Investors who have opened a company in Switzerland
should know that they are allowed to change the legal structure
under which the company functions if the situation may require such a modification. Although the change of the legal entity
is not a common action, as most of the businesses remain under the same structure they’ve established at the incorporation, the procedure is prescribed by the local legislation. It is recommended to change to business structure
in the situation in which the current legal entity
does not provide sufficient advantages or if that particular entity is no longer representing the best interests of the company. Our team of Swiss company formation specialists
can provide assistance on this matter to both local and foreign investors.
Sole proprietorship into a limited liability company in Switzerland
One of the most popular types of companies is represented by the sole proprietorship, a business carried out by a natural person, who is performing business activities in his or her own name.
The local legislation prescribes that that sole proprietorship should have minimum three customers in order to register for social security.
In the situation in which the business will grow and the businessmen will have to process the request of many customers, it can become much more advantageous to change the legal structure into a limited liability company (LLC)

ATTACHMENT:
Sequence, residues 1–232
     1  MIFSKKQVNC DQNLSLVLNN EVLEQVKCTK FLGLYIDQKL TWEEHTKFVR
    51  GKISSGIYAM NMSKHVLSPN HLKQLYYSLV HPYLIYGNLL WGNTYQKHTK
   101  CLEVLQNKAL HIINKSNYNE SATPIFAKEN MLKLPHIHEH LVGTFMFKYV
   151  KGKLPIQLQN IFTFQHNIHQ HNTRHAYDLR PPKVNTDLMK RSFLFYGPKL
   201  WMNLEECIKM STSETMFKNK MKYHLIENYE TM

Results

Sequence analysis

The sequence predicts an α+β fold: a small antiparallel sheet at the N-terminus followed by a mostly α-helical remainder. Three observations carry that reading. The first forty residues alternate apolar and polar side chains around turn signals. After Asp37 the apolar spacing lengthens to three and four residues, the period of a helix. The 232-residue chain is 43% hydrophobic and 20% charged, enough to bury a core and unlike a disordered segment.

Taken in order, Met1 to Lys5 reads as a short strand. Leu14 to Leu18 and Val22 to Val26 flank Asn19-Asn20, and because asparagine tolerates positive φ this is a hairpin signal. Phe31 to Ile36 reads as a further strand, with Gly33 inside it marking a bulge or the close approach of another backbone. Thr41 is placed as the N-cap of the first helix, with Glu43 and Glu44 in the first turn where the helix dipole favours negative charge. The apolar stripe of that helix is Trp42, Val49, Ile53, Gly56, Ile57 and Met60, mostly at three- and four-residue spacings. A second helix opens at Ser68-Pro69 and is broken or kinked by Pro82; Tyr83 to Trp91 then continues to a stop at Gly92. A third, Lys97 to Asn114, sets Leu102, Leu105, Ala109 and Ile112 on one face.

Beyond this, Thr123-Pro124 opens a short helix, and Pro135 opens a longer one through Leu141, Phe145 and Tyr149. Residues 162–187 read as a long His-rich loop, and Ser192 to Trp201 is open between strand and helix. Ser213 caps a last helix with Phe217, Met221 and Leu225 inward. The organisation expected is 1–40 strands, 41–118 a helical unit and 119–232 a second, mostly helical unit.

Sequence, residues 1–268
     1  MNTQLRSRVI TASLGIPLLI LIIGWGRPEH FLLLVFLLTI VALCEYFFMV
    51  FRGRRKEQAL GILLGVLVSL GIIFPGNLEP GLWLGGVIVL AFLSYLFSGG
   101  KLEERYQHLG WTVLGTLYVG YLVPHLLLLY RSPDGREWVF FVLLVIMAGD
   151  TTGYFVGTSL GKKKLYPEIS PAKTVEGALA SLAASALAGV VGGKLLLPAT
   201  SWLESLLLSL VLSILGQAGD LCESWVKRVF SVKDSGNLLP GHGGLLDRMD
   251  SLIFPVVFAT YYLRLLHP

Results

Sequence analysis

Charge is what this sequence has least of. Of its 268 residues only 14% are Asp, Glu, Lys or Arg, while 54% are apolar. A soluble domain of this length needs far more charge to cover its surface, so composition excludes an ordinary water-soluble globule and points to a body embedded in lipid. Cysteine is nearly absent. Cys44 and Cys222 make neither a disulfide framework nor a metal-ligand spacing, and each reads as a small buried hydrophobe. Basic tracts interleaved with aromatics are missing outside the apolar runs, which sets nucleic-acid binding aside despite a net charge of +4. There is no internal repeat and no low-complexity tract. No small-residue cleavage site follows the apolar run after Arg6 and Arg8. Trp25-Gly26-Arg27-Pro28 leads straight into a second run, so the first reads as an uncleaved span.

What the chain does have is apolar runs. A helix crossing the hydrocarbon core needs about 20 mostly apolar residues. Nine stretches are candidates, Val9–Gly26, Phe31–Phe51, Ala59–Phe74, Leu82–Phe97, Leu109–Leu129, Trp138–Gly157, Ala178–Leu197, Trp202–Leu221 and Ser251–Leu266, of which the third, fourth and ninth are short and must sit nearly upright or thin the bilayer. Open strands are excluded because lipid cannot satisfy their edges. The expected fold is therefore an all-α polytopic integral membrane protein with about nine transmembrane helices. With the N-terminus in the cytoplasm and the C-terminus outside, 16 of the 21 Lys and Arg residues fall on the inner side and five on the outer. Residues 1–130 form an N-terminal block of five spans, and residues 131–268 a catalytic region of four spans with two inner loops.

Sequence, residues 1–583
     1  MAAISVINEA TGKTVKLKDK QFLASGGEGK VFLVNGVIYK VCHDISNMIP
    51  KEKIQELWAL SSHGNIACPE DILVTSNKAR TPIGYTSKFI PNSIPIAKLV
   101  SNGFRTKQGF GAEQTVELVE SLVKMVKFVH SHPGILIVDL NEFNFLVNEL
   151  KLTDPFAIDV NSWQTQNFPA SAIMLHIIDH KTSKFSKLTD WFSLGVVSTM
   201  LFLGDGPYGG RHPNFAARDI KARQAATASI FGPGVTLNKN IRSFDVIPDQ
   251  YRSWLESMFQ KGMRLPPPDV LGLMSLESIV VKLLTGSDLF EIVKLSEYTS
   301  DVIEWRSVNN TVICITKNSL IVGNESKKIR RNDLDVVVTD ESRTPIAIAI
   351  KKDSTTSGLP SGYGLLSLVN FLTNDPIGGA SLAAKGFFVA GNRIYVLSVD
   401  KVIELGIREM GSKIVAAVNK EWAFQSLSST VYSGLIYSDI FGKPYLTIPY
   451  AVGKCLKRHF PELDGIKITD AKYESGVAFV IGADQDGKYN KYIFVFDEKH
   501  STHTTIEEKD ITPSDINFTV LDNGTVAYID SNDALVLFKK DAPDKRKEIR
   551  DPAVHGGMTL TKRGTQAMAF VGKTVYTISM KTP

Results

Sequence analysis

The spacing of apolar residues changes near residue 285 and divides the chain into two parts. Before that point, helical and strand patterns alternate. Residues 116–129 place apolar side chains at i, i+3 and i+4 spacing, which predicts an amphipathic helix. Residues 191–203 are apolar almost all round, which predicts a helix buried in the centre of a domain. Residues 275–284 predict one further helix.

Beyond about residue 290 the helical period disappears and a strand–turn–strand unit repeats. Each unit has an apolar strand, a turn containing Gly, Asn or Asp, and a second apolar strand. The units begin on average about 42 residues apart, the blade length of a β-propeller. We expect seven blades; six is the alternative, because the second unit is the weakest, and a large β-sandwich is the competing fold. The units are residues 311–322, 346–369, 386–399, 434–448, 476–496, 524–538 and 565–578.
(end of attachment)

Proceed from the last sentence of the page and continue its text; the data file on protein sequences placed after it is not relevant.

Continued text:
. The LLC
makes a clear distinction between the business and its founders, who can become liable for the company’s issues only in respect to the shares owned in the company; our team Swiss company incorporation agents
can offer assistance throughout this process.
Register the new Swiss legal entity
The process of changing the legal structure of the company
is performed by closing down the current legal entity
; the company will have to be de-registered from the Commercial Registry
, and registered again under the new legal entity, alongside with all the documentation required by the institution.
The investor should receive assistance for the drafting of the statutory documents of the company –such as the memorandum and the articles of association, which will prescribe the main rights and obligations of the parties who have founded the company.